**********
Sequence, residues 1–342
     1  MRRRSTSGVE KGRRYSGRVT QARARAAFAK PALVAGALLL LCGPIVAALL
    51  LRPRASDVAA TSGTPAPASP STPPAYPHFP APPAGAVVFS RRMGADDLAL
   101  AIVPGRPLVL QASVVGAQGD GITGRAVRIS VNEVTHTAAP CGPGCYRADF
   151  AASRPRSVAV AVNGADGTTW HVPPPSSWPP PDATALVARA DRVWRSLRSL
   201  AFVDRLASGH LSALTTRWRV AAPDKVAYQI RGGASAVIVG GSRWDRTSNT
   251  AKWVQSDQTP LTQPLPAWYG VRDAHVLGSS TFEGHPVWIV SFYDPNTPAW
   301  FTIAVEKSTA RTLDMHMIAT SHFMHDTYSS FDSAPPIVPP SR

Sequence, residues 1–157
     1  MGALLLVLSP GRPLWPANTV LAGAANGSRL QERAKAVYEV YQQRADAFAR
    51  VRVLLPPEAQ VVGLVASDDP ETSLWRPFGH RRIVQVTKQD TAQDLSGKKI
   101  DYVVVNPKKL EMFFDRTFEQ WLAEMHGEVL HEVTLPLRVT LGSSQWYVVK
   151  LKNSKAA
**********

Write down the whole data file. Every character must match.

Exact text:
Sequence, residues 1–342
     1  MRRRSTSGVE KGRRYSGRVT QARARAAFAK PALVAGALLL LCGPIVAALL
    51  LRPRASDVAA TSGTPAPASP STPPAYPHFP APPAGAVVFS RRMGADDLAL
   101  AIVPGRPLVL QASVVGAQGD GITGRAVRIS VNEVTHTAAP CGPGCYRADF
   151  AASRPRSVAV AVNGADGTTW HVPPPSSWPP PDATALVARA DRVWRSLRSL
   201  AFVDRLASGH LSALTTRWRV AAPDKVAYQI RGGASAVIVG GSRWDRTSNT
   251  AKWVQSDQTP LTQPLPAWYG VRDAHVLGSS TFEGHPVWIV SFYDPNTPAW
   301  FTIAVEKSTA RTLDMHMIAT SHFMHDTYSS FDSAPPIVPP SR

Sequence, residues 1–157
     1  MGALLLVLSP GRPLWPANTV LAGAANGSRL QERAKAVYEV YQQRADAFAR
    51  VRVLLPPEAQ VVGLVASDDP ETSLWRPFGH RRIVQVTKQD TAQDLSGKKI
   101  DYVVVNPKKL EMFFDRTFEQ WLAEMHGEVL HEVTLPLRVT LGSSQWYVVK
   151  LKNSKAA